The adaptation of the autobiography of Nelson Rolihlahla Mandela was entrusted by Mandela to producer Anant Singh nearly two decades ago.
A rival, unauthorized version starring Terrence Howard as Mandela and Jennifer Hudson as his second wife, Winnie, was widely panned at its premiere in Toronto two years ago, and progressed to only limited release. This version, which co-stars Naomie Harris as Winnie, as well as having the backing of the Mandela machine, has been scripted by William Nicholson, Oscar-nominated for his work on Gladiator and Shadowlands.
We see Mandela from his early days as a lawyer, through his recruitment by the ANC to his arrest, imprisonment and eventual release. Elba makes a convincing statesman. His take on the icon is respectful and deft.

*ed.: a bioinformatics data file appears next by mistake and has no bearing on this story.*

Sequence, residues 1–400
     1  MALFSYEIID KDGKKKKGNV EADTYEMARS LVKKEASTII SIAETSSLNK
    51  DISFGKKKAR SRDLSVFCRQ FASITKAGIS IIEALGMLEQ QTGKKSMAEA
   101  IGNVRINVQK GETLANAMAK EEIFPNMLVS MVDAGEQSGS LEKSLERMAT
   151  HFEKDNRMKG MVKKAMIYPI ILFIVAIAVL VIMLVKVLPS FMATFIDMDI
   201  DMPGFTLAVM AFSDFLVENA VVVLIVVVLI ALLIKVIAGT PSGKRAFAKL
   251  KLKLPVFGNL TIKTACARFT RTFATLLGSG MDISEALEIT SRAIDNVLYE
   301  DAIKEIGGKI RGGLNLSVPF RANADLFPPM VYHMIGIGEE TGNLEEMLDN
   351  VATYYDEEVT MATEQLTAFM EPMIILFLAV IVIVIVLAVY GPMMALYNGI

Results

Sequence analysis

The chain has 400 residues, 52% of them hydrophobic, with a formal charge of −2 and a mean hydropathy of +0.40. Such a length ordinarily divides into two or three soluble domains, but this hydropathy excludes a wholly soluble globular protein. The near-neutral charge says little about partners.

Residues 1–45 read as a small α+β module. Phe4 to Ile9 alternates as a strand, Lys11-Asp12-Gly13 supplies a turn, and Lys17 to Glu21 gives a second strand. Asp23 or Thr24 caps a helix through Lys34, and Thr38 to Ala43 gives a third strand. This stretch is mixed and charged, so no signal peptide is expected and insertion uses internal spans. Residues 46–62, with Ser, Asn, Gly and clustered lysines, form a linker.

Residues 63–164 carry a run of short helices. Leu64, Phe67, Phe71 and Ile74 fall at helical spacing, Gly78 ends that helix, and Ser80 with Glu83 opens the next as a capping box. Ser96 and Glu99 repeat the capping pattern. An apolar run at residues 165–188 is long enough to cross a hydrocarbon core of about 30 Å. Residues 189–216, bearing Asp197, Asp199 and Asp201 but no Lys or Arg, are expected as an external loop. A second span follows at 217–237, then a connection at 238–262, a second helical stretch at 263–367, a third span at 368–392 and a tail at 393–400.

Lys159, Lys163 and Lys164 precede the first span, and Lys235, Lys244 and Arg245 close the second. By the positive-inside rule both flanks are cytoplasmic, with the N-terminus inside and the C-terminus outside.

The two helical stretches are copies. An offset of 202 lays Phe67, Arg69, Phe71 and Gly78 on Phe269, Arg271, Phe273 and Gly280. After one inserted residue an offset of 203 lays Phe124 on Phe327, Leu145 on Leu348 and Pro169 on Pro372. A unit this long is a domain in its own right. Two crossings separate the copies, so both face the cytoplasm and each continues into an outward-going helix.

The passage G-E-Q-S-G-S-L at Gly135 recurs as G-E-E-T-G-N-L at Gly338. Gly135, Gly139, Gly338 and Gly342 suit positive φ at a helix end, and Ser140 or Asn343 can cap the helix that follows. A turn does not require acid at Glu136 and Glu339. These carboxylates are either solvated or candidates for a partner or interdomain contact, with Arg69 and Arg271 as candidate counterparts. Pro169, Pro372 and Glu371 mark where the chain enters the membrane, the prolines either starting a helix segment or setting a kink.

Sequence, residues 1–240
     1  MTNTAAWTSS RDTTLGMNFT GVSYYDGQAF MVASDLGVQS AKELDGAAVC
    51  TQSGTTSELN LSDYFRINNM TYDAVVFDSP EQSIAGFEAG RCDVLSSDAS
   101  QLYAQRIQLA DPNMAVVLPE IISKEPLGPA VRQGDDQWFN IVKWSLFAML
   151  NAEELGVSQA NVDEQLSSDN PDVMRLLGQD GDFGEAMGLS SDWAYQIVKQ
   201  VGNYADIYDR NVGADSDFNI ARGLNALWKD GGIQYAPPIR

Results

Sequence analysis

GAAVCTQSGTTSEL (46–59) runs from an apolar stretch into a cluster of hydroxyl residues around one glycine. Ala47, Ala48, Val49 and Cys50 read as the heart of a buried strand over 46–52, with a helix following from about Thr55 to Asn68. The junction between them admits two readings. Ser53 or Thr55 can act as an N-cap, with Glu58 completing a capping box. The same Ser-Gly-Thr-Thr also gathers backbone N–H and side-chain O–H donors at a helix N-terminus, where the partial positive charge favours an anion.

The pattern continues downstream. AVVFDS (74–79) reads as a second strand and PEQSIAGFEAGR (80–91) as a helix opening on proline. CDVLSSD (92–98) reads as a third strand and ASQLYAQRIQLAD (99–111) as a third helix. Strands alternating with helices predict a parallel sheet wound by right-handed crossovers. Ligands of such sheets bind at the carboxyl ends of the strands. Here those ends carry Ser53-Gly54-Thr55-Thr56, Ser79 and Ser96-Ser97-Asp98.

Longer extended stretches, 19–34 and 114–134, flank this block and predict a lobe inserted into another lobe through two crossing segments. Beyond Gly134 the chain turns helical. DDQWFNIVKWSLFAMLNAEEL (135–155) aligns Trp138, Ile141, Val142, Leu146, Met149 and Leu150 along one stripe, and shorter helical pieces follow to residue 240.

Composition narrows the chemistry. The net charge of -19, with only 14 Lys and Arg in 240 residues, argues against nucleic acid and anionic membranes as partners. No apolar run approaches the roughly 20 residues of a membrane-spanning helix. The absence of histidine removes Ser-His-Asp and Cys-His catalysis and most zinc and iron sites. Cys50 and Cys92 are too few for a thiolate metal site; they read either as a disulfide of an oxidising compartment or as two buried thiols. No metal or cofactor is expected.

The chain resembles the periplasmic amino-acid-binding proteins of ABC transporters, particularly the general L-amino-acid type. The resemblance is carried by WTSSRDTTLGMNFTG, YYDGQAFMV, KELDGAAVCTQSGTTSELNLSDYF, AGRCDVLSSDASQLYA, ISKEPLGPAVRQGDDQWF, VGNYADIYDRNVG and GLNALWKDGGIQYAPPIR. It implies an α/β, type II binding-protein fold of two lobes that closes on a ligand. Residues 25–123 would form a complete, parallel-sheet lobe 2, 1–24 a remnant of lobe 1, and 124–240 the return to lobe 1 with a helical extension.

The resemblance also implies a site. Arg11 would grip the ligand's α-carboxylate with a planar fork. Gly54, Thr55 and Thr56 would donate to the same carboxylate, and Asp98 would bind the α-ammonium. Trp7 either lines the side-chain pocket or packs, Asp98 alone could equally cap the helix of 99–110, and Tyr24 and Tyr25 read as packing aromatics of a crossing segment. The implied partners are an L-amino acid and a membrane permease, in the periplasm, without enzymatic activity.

Elba, whose portrayal has met with rave reviews, didn’t meet Mandela himself, but spent time in South Africa talking to locals and visiting places key to the story (he even spent a night locked on Robben Island).
Condensing Mandela’s life into a two-hour film was a major challenge. An initial treatment employing flashbacks was tossed out. Nicholson told The Guardian newspaper: “What’s extraordinary about Mandela is cumulative. We’re gradually building up an awareness of what this man has been through to get to his moral victory. The crucial bit in the film is when he realizes his oppressors are more afraid of him than he is of them.”
The film is scheduled to open on November 29.
This article originally appeared in the Sept. 18 print edition.